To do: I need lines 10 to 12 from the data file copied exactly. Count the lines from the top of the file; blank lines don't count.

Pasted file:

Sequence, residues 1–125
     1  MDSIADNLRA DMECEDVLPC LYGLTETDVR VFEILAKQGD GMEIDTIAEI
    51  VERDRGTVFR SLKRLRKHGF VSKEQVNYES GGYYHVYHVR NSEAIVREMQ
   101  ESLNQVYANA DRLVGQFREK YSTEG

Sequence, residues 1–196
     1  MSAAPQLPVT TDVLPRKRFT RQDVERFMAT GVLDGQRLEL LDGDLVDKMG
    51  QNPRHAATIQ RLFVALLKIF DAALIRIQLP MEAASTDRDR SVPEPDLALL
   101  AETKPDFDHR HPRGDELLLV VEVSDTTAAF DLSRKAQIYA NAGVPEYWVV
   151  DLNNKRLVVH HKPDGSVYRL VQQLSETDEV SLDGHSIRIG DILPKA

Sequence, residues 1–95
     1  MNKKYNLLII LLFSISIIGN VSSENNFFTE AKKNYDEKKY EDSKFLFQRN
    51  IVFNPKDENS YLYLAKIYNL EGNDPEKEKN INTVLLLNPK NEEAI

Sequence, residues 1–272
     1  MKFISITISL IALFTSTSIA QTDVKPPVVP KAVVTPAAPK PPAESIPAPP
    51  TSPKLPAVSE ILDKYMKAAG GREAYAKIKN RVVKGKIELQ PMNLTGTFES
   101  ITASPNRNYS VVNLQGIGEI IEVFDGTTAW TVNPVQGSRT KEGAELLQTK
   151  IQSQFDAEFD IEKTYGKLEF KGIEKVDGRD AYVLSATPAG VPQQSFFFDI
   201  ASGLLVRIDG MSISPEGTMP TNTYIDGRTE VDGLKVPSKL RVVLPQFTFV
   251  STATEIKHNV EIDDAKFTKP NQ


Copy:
Sequence, residues 1–95
     1  MNKKYNLLII LLFSISIIGN VSSENNFFTE AKKNYDEKKY EDSKFLFQRN
    51  IVFNPKDENS YLYLAKIYNL EGNDPEKEKN INTVLLLNPK NEEAI